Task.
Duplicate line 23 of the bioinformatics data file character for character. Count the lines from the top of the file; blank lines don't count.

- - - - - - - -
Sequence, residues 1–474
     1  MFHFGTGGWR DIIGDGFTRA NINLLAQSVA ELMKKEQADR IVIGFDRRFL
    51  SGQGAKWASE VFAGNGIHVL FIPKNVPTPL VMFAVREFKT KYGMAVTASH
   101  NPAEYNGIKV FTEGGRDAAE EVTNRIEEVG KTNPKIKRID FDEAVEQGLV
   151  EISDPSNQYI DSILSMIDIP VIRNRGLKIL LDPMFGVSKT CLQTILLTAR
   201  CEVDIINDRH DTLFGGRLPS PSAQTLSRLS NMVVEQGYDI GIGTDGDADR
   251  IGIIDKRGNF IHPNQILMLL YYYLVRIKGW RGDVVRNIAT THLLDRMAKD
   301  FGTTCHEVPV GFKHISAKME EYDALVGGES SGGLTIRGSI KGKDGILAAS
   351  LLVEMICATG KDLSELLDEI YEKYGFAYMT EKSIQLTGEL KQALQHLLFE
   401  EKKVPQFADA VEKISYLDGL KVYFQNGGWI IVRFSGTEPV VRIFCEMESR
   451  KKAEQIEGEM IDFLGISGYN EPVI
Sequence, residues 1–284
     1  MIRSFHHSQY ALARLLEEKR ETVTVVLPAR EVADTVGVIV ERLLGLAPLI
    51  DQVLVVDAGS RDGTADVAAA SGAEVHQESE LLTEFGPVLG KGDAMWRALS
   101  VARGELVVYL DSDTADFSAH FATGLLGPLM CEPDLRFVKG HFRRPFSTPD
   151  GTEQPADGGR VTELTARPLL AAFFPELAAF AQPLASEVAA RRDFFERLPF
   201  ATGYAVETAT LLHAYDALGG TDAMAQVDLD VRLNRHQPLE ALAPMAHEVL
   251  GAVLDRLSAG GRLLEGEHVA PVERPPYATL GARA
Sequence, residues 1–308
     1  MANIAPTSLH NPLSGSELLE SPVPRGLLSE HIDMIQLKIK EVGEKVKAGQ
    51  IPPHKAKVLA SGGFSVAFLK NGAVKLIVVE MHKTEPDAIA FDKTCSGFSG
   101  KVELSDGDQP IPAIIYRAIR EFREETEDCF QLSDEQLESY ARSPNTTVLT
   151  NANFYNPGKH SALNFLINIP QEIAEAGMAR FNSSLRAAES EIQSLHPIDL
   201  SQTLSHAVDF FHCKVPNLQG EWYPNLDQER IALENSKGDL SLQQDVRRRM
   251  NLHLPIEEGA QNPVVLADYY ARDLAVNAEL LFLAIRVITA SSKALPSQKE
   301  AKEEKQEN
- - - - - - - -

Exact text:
   151  NANFYNPGKH SALNFLINIP QEIAEAGMAR FNSSLRAAES EIQSLHPIDL